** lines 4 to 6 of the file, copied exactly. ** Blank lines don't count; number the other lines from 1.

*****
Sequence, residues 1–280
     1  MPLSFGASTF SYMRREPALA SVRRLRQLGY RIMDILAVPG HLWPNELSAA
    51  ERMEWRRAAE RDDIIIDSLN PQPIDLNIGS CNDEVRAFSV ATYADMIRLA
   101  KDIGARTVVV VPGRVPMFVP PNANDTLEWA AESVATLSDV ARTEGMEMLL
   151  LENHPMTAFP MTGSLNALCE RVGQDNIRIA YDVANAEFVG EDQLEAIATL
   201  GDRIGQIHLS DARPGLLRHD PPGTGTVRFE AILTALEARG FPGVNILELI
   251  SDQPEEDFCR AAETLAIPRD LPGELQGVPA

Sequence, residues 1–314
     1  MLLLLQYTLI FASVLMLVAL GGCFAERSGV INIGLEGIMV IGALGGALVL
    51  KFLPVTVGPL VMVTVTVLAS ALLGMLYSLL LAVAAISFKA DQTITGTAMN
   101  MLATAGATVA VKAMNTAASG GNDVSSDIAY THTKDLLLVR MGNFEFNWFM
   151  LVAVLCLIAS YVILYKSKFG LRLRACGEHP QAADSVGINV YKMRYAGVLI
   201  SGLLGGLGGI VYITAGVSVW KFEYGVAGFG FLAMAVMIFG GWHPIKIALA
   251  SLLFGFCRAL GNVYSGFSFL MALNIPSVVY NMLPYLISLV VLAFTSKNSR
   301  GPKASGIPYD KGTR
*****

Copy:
   101  KDIGARTVVV VPGRVPMFVP PNANDTLEWA AESVATLSDV ARTEGMEMLL
   151  LENHPMTAFP MTGSLNALCE RVGQDNIRIA YDVANAEFVG EDQLEAIATL
   201  GDRIGQIHLS DARPGLLRHD PPGTGTVRFE AILTALEARG FPGVNILELI